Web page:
Iran has officially surpassed the enrichment level set by the Joint Comprehensive Plan of Action (JCPOA) as of Monday. Iranian Foreign Minister Mohammed Javid Zarif announced that Iran had crossed the 300-kilogram limit, which was confirmed by General Yukiya Amano, director of the International Atomic Energy Agency. The limit had been implemented as part of the peace accords designed to limit the nation’s nuclear activities in exchange for the lifting of sanctions.
Iran’s willingness to break through the stockpile ceiling is its latest maneuver in its standoff with the United States. U.S. President Donald Trump set in motion a series of escalatory events when he pulled the U.S. out of the JCPOA. Since that time, there has been sabre-rattling from officials of both governments, demands, an American drone shot down, and mysterious oil tanker attacks for which Iran took the blame. There have not, however, been diplomatic negotiations, despite Secretary of State Mike Pompeo and Iranian President Hassan Rouhani expressing their desire for discussion.
Most critically, there have been harsh economic sanctions leveraged by Washington. These sanctions are the heart of the issue as Iran’s economy suffocates and its oil exports continue to plunge. While the U.S. reneged on the nuclear agreement, it still expects Iran to uphold it, an attitude that comes across as hypocritical in Tehran. Furthermore, it is also expected to suffer the sanctions without retaliation.
Exceeding the stockpile quota is one of the few cards Tehran could play in order to provoke the U.S. to return to the negotiating table. Following this, Zarif said it would begin enriching uranium above 3.76 percent. Crossing these lines is also a call for help to European nations which might be able to provide some relief or mediation. The immediate reaction from European leaders, however, has not been favorable.
Jeremey Hunt, United Kingdom foreign secretary, called for Iran to return to the limits set by the agreement as did French President Emmanuel Macron. As their governments continue to uphold their side of the deal by not retriggering United Nations or European Union sanctions, something they are well within their rights to do since Iran is officially in violation of the accord.
China and Russia have taken a different tone by publicly accused the U.S. of instigating the crisis. Chinese Foreign Ministry spokesperson Geng Shuang said that the “Iranian side has repeatedly stressed that it is willing to stay in a comprehensive agreement, and the measures it has taken are reversible.” Sergey Lavrov, Russian foreign minister, pointed out that because of U.S. sanctions imposed in May, other countries have been unable to purchase the low-enriched uranium and heavy water from Tehran. With that in consideration, the only options for Iran were to surpass the 300-kilogram limit or simply halt their nuclear activities.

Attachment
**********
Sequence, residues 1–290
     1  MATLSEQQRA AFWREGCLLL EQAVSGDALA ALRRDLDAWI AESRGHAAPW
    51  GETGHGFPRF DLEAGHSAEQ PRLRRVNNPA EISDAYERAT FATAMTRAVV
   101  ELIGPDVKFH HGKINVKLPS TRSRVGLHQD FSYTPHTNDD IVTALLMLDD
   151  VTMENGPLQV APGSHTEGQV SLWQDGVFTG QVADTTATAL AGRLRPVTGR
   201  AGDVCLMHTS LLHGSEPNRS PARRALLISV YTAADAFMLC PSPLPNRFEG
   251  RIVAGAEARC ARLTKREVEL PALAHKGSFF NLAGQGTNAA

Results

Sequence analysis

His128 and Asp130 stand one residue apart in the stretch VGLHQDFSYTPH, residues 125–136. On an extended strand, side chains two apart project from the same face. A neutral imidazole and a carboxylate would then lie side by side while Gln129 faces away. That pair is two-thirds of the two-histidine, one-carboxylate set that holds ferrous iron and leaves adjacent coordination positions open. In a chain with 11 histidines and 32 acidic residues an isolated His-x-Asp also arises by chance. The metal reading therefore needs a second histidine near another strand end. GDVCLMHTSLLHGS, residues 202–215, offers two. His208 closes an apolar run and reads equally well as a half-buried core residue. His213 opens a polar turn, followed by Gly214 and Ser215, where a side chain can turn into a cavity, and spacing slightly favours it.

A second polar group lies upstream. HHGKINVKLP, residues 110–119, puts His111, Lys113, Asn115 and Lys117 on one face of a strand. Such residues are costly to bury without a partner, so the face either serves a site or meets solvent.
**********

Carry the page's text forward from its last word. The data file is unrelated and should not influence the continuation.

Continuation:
As a countermeasure to U.S. sanctions, the E.U. revealed the Instrument in Support of Trade Exchanges (INSTEX) system at the beginning of the year. It went into effect on June 30, but will likely fall short of the relief Tehran needs. INSTEX was put together by the U.K., France, and Germany and allows for trade with Iran without using the U.S. dollar. Instead, companies dealing with Iran will barter between each other to exchange payment in the form of goods. The same will happen with Iranian companies through its newly created Special Trade and Finance Institute (STFI).
While the idea behind INSTEX and STFI is creative, it is unlikely to have a profound effect on the economy due to its limited nature – only medicine, medical products, and food will be offered on the exchange system. These humanitarian-focused products are not even sanctioned to begin with. Furthermore, while the system would effectively skirt U.S. sanctions (if sanctioned products were even offered), it risks drawing fire from the Trump administration which has threatened anyone who does business with Iran. Washington foreign policy is not concerned with trivial technicalities where Tehran is concerned: “maximum pressure” is expected of all U.S. allies.
With Europe and other world powers seemingly handicapped, Iran is gradually playing all its cards to exert leverage where it can. Slowly, those cards are being burnt up, a prospect that begs the question of “What will Iran do when it runs out of diplomatic options?”
When news broke of Iran exceeding the first nuclear limit, Trump issued a warning to Tehran. “No message to Iran. They know what they’re doing,” he said. “They know what they’re playing with, and I think they’re playing with fire. So, no message to Iran whatsoever.”
Yesterday, a confusing White House press release also alleged that “There is little doubt that even before the deal’s existence, Iran was violating its terms.” Zarif issued a one-word reply on Twitter asking, “Seriously?”
As it’s quite impossible to violate terms of a deal before a deal is even made, it’s likely the White House meant that Iran had been violating the deal before the U.S. walked out, an unfounded claim that it has used to rationalize the restoration of sanctions.